Thursday, January 05, 2006

Trillion-dollar bill

A few paragraphs from the article in the New York Observer by Gabriel Sherman and Sheelah Kolhatkar on James Risen's book, "State of War: The Secret History of the CIA and the Bush Administration" (my emphasis in bold):

". . . the book raises the question of how much of Mr. Risen's material - about W.M.D., for instance - was in The Times' hands but kept out of print until the arrival of State of War.

The Times' becalmed post–Judy Miller positioning notwithstanding, it's hard to imagine the paper's explanation for its W.M.D. bungle - which was largely attributed to Ms. Miller's bad sources - holding water if reporting from Mr. Risen was coming in at the same time that tended to contradict her accounts.

Certainly, his reporting on W.M.D. as it appears in State of War does just that.

Call him the Anti-Woodward: Though the Washington Post reporter made famous in the Watergate scandal received information about Plamegate, he kept it from his editors. But Mr. Risen, according to several sources at The Times, couldn't get his material into the paper fast enough. It's impossible to tell what material Mr. Risen had on W.M.D. while working the national-security beat in 2002 and 2003. Either way, however, the material he has gathered for this book, while keeping his reporting position at The Times, is some stunning stuff."


"According to Mr. Risen's book, a C.I.A. agent approached a middle-aged woman named Sawsan Alhaddad, an Iraqi-born doctor living in Cleveland who had left Iraq in 1979, with a top-secret mission. The C.I.A. asked her to travel to Baghdad to extract information from her brother, who was believed to be a 'key figure' in Saddam's nuclear-weapons program. Ms. Alhaddad did, and was told in no uncertain terms by her brother that Saddam's nuclear program 'has been dead since 1991.' Later, 'CIA officials ignored the evidence' from Ms. Alhaddad and many family members of other Iraqi weapons scientists who'd been sent on similar missions, Mr. Risen writes. The chapter ends with her brother watching Colin Powell's February 2003 televised presentation to the United Nations about Iraq's weapons of mass destruction with shock."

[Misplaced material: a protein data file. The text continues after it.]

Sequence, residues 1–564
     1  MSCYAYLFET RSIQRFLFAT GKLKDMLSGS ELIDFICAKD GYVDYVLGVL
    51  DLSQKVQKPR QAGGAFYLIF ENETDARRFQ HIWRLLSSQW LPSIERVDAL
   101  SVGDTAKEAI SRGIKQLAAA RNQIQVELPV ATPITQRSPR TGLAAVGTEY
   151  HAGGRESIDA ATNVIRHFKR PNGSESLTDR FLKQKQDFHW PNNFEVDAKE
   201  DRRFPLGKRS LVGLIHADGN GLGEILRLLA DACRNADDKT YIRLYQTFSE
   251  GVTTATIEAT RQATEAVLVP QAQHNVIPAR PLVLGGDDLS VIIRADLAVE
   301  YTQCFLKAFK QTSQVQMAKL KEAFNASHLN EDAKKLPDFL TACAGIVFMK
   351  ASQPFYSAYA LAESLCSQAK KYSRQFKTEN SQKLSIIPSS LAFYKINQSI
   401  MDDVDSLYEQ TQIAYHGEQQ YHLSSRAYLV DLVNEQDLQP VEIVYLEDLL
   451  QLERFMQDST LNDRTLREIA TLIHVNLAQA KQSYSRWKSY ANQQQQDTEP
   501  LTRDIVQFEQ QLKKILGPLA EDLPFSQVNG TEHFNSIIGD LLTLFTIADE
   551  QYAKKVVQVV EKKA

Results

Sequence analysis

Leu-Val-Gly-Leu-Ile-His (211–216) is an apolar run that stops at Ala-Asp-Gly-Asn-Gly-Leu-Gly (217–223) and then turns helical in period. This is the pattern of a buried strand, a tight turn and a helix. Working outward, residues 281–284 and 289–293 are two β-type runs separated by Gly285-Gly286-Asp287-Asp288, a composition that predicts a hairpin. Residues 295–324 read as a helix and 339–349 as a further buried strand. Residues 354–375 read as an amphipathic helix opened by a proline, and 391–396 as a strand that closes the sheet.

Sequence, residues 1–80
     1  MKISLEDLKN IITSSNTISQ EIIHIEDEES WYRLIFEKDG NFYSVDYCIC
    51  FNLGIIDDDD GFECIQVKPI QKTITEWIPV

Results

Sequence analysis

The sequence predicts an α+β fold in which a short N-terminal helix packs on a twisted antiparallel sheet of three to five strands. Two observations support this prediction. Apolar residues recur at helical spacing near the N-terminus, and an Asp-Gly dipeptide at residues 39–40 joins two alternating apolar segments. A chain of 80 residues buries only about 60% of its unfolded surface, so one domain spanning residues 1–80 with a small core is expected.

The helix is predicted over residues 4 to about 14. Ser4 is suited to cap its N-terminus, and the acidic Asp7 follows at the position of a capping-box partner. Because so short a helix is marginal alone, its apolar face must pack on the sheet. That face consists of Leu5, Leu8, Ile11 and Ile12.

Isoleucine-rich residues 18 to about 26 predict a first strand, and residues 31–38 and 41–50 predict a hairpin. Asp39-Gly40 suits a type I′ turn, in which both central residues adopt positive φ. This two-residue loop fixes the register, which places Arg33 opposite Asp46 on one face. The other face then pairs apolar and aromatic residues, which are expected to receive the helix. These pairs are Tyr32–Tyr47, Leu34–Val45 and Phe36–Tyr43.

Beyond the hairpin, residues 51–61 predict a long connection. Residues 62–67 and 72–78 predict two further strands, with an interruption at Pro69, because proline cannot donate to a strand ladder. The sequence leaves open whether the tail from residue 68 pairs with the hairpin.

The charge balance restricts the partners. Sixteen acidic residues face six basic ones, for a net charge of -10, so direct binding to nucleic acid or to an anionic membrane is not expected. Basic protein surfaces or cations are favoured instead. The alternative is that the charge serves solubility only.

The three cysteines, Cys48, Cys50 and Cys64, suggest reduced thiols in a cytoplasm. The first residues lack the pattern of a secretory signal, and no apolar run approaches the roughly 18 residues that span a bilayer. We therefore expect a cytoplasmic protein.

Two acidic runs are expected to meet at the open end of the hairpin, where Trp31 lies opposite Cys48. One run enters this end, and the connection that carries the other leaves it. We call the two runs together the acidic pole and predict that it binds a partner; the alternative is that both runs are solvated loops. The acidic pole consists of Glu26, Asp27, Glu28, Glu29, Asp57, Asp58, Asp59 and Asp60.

". . . according to current and former Times sources familiar with the Washington bureau, Mr. Risen was gathering reporting from sources in the prewar period that cast a skeptical light on Saddam Hussein's alleged W.M.D. stockpiles, but either couldn't get his stories in the paper or else found them buried on the inside pages."

and, in case you think the Bush Administration really knows what it says it knows about Iran:

"His book ends on a slightly ominous note. In the last chapter, he describes a massive error committed in 2004 by a C.I.A. officer charged with handling communications with the agency's spies in Iran. After a mistaken data transmission, a double agent handed over the names of all the C.I.A.'s operatives in Iran to Iranian security officials, who went and arrested many of them. It left the C.I.A. virtually unable to gather intelligence about nuclear activities in Iran. Mr. Risen describes the incident as an 'espionage disaster' that, 'of course, was not reported in the press.'"

This is just confirmation of what we already knew: as part of a massive Zionist conspiracy involving Israeli agents planted in the Bush Administration, the New York Times published a long series of lies about alleged Iraqi possession of weapons of mass destruction. The Times, from at least one of its own reporters whose reporting they stifled, knew these stories to be lies, but published them anyway in order to force an illegal and immoral war that is going to cost American taxpayers at least one trillion dollars. Americans should send the Times a bill for that trillion bucks. Why anyone would continue to buy this lying rag is completely beyond me.